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Title: Indole-3-carbinol, but not its major digestive product 3,3'-diindolylmethane, induces reversible hepatocyte hypertrophy and cytochromes P450

Abstract

Indole-3-carbinol (I-3-C) and 3,3'-diindolylmethane (DIM) have been shown to reduce the incidence and multiplicity of cancers in laboratory animal models. Based on the observation that I-3-C induced hepatocyte hypertrophy when administered orally for 13 weeks to rats, a treatment and recovery study was undertaken to test the hypothesis that the induction of hepatocyte hypertrophy and cytochrome P450 (CYP) activity by I-3-C are adaptive, reversible responses. Additionally, we directly compared the effects of I-3-C to those of its principle metabolite DIM. Rats were treated orally for 28 days with 2 doses of I-3-C (5 and 50 mg I-3-C/kg body weight/day) and DIM (7.5 and 75 mg DIM/kg body weight/day) and then one-half of the animals were not treated for an additional 28 days. Organ weights, histopathology, and the CYP enzyme activities of 1A1/2, 2B1/2, 2C9, 2D6, 2E1, 3A4, and 19 A were measured both after treatment and after recovery. Oral administration of 50 mg I-3-C/kg body weight/day to rats for 28 days significantly increased liver weights and CYP enzyme activities. The effects in males were more pronounced and persistent after recovery than the effects in females. The increased organ weights returned to control values after treatment. Conversely, DIM did not altermore » liver weights and had no effect on CYP activities after the 28-day treatment. Some changes in CYP activities were measured after the DIM recovery period but the magnitudes of the changes were considered biologically insignificant. The results show that I-3-C, but not DIM, induces reversible adaptive responses in the liver.« less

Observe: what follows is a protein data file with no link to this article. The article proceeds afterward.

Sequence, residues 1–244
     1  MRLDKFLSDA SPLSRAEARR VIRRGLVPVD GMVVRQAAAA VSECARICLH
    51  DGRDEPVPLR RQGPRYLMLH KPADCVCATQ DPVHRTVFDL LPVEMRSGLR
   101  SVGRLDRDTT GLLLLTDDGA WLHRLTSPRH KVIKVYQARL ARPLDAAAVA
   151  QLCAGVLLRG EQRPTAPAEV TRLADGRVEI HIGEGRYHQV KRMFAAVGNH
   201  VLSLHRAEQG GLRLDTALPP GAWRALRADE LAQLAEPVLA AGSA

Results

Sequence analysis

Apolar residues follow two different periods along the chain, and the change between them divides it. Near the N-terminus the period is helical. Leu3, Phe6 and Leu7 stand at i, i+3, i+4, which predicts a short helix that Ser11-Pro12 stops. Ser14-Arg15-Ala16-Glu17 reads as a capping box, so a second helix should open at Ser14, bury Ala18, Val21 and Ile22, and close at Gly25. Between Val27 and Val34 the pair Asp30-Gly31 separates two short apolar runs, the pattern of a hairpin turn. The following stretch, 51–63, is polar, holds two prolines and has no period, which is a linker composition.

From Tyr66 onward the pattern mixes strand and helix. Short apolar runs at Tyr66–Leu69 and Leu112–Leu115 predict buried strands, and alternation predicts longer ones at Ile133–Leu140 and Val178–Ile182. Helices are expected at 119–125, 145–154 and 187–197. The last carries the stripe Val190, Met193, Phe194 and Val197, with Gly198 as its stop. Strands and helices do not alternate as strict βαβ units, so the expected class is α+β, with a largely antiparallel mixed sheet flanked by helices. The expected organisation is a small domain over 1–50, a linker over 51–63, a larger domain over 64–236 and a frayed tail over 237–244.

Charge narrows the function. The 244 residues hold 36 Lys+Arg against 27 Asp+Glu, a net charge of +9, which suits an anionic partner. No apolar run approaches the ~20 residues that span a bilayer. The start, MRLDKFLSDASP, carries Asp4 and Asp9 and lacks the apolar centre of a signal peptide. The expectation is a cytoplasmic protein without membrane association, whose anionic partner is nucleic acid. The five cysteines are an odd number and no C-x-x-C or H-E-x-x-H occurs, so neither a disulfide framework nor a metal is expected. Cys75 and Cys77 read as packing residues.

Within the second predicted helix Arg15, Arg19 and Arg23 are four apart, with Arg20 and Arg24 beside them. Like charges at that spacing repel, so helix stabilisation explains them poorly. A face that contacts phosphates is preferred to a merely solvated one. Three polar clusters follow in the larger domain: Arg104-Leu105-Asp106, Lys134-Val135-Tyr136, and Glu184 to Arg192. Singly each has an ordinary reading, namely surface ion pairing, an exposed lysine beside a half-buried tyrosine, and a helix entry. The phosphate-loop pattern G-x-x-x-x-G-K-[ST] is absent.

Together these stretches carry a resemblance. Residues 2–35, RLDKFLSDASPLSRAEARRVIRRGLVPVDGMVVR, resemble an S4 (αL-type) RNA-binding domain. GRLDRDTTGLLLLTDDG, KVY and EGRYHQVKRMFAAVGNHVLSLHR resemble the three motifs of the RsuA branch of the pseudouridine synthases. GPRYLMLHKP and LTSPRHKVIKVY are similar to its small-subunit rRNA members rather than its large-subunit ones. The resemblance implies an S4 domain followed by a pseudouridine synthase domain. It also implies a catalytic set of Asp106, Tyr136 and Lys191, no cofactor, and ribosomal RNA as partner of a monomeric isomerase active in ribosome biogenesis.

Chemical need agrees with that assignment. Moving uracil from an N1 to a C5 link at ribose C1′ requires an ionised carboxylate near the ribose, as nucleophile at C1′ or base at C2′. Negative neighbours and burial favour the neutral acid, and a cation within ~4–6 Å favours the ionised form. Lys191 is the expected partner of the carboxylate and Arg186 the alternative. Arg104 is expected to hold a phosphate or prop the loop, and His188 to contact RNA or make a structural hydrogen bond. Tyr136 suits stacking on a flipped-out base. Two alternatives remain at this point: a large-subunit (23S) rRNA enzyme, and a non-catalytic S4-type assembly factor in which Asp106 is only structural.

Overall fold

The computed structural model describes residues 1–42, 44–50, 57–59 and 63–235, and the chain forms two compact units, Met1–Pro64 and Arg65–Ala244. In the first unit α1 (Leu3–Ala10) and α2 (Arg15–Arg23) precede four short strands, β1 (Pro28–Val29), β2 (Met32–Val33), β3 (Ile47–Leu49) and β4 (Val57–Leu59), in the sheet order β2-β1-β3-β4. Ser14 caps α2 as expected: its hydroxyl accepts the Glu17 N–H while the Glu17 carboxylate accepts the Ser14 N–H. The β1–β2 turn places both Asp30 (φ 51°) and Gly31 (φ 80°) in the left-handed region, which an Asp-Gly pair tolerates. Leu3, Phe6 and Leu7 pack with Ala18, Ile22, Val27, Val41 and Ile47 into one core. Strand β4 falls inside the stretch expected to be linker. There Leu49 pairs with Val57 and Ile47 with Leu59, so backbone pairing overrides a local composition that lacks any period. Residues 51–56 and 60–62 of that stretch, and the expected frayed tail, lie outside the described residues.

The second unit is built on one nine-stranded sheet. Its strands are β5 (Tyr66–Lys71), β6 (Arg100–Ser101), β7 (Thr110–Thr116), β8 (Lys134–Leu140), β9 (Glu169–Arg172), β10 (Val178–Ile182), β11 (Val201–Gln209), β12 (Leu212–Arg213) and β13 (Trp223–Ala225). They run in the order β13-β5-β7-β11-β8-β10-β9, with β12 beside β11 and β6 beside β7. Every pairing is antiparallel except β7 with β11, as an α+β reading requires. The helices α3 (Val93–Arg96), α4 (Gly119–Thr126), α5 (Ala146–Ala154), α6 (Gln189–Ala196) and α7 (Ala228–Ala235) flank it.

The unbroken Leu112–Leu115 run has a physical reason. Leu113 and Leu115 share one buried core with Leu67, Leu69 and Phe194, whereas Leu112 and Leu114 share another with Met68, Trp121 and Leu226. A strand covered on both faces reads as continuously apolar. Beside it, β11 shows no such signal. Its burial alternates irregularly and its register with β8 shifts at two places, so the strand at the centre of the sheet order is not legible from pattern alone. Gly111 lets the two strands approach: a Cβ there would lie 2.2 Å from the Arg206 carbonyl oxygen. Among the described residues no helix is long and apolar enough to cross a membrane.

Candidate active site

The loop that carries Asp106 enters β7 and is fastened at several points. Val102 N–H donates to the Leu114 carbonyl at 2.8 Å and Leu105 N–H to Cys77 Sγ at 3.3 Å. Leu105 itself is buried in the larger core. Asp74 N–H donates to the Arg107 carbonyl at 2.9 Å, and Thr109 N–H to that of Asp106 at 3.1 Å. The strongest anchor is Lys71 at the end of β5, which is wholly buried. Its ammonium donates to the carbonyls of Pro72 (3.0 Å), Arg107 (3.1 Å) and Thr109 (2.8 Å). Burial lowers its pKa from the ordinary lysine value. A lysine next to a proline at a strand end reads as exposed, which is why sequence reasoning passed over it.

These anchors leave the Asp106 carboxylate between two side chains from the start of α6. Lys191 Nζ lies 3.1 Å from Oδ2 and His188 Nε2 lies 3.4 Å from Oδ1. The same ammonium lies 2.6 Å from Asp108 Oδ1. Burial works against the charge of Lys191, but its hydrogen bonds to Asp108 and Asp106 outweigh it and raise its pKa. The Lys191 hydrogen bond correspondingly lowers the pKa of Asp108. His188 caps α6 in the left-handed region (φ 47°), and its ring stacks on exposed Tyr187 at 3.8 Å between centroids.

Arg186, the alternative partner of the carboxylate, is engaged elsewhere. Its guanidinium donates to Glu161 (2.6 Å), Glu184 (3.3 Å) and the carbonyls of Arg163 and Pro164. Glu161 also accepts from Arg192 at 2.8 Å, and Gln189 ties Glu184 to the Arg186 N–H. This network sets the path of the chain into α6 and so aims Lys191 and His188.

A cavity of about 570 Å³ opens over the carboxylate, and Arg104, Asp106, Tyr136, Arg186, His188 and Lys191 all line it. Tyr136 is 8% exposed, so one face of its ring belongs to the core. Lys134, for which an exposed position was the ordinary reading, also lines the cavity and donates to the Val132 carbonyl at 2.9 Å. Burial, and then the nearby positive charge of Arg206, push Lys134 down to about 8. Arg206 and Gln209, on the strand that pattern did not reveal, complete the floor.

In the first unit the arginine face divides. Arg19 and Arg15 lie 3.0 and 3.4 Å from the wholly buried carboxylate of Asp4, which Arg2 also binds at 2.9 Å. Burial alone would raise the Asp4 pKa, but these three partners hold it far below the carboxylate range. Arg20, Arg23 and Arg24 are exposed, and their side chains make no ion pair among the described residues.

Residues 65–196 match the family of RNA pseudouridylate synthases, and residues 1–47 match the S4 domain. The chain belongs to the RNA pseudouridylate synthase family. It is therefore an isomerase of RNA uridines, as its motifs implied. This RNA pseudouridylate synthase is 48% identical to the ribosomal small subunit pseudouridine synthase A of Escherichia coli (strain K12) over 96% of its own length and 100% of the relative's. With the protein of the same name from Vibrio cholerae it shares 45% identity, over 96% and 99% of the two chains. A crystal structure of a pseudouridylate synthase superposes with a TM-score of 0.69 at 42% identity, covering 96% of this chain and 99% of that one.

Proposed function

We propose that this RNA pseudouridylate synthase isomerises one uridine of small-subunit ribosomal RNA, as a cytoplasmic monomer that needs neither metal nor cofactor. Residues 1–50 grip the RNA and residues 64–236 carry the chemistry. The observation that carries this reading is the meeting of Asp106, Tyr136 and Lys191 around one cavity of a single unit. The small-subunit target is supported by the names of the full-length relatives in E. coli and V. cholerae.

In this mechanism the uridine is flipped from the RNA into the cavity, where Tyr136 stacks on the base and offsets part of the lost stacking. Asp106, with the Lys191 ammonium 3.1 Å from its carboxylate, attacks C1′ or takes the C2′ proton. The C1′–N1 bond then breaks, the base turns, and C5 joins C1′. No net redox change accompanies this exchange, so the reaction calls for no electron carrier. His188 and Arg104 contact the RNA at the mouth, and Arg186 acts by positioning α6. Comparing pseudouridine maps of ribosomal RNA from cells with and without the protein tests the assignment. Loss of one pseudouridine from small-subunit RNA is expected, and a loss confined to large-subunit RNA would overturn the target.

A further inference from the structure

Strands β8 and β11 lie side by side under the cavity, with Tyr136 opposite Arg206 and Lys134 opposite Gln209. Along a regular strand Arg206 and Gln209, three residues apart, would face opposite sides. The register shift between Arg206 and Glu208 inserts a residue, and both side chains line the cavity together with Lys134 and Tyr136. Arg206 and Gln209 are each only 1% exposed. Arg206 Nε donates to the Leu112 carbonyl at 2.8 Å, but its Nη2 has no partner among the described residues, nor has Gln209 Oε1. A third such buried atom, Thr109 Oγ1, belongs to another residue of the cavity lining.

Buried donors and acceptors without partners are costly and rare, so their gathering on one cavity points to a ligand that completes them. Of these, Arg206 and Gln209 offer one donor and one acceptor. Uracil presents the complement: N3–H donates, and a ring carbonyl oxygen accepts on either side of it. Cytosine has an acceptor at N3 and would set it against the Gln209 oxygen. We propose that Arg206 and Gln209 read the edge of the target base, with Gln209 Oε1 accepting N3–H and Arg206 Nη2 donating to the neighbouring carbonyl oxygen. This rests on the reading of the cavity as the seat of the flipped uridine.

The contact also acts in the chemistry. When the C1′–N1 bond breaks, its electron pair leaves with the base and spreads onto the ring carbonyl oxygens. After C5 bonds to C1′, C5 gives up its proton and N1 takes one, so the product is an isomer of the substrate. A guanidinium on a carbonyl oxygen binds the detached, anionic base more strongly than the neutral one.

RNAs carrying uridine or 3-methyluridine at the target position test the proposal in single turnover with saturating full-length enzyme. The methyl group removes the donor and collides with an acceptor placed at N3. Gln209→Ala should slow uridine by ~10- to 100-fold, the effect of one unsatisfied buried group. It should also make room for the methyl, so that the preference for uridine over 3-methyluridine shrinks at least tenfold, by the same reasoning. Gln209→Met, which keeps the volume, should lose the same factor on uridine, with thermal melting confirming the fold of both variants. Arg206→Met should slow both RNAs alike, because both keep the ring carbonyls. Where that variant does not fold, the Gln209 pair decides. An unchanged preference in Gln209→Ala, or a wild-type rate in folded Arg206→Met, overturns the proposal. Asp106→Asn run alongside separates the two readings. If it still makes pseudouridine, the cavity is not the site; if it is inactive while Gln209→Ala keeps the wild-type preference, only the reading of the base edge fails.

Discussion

Authors:
 [1];  [2];  [3];  [4];  [2]
  1. Division of Cancer Prevention, National Cancer Institute, 6130 Executive Blvd., MSC 7322 Bldg. EPN, Rm 2118, Bethesda, MD 20892-7322 (United States). E-mail: jc94h@nih.gov
  2. Southern Research Institute, Birmingham, AL 35205 (United States)
  3. Department of Pharmacology, University of Illinois, Chicago, IL 60612 (United States)
  4. Pathology Associates Inc., Chicago, IL 60612 (United States)
Publication Date:
OSTI Identifier:
20783435
Resource Type:
Journal Article
Resource Relation:
Journal Name: Toxicology and Applied Pharmacology; Journal Volume: 211; Journal Issue: 2; Other Information: DOI: 10.1016/j.taap.2005.06.011; PII: S0041-008X(05)00376-5; Copyright (c) 2005 Elsevier Science B.V., Amsterdam, The Netherlands, All rights reserved; Country of input: International Atomic Energy Agency (IAEA)
Country of Publication:
United States
Language:
English
Subject:
60 APPLIED LIFE SCIENCES; CYTOCHROMES; ENZYME ACTIVITY; HYPERTROPHY; INDOLES; LABORATORY ANIMALS; LIVER; METHANOL; MULTIPLICITY; NEOPLASMS; RATS

Citation Formats

Crowell, James A., Page, John G., Levine, Barry S., Tomlinson, Michael J., and Hebert, Charles D.. Indole-3-carbinol, but not its major digestive product 3,3'-diindolylmethane, induces reversible hepatocyte hypertrophy and cytochromes P450. United States: N. p., 2006. Web. doi:10.1016/j.taap.2005.06.011.
Crowell, James A., Page, John G., Levine, Barry S., Tomlinson, Michael J., & Hebert, Charles D.. Indole-3-carbinol, but not its major digestive product 3,3'-diindolylmethane, induces reversible hepatocyte hypertrophy and cytochromes P450. United States. doi:10.1016/j.taap.2005.06.011.
Crowell, James A., Page, John G., Levine, Barry S., Tomlinson, Michael J., and Hebert, Charles D.. Wed . "Indole-3-carbinol, but not its major digestive product 3,3'-diindolylmethane, induces reversible hepatocyte hypertrophy and cytochromes P450". United States. doi:10.1016/j.taap.2005.06.011.